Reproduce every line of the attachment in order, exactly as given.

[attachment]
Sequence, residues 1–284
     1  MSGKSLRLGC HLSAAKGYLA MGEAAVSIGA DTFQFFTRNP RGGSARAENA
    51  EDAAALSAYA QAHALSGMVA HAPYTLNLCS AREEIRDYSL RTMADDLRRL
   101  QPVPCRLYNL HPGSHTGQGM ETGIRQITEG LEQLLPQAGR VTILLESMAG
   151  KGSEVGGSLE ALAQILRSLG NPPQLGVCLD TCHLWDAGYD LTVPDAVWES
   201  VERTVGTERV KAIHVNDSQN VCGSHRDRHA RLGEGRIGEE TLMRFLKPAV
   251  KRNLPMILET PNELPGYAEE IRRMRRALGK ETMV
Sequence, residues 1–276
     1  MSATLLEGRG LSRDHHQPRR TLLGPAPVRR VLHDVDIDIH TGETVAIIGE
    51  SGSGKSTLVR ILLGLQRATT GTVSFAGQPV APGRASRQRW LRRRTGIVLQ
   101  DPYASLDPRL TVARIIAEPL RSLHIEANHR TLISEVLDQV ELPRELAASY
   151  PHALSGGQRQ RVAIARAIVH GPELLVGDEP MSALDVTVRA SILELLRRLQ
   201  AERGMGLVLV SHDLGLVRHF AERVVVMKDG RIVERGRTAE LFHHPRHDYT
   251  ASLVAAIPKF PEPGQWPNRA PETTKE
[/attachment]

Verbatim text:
Sequence, residues 1–284
     1  MSGKSLRLGC HLSAAKGYLA MGEAAVSIGA DTFQFFTRNP RGGSARAENA
    51  EDAAALSAYA QAHALSGMVA HAPYTLNLCS AREEIRDYSL RTMADDLRRL
   101  QPVPCRLYNL HPGSHTGQGM ETGIRQITEG LEQLLPQAGR VTILLESMAG
   151  KGSEVGGSLE ALAQILRSLG NPPQLGVCLD TCHLWDAGYD LTVPDAVWES
   201  VERTVGTERV KAIHVNDSQN VCGSHRDRHA RLGEGRIGEE TLMRFLKPAV
   251  KRNLPMILET PNELPGYAEE IRRMRRALGK ETMV
Sequence, residues 1–276
     1  MSATLLEGRG LSRDHHQPRR TLLGPAPVRR VLHDVDIDIH TGETVAIIGE
    51  SGSGKSTLVR ILLGLQRATT GTVSFAGQPV APGRASRQRW LRRRTGIVLQ
   101  DPYASLDPRL TVARIIAEPL RSLHIEANHR TLISEVLDQV ELPRELAASY
   151  PHALSGGQRQ RVAIARAIVH GPELLVGDEP MSALDVTVRA SILELLRRLQ
   201  AERGMGLVLV SHDLGLVRHF AERVVVMKDG RIVERGRTAE LFHHPRHDYT
   251  ASLVAAIPKF PEPGQWPNRA PETTKE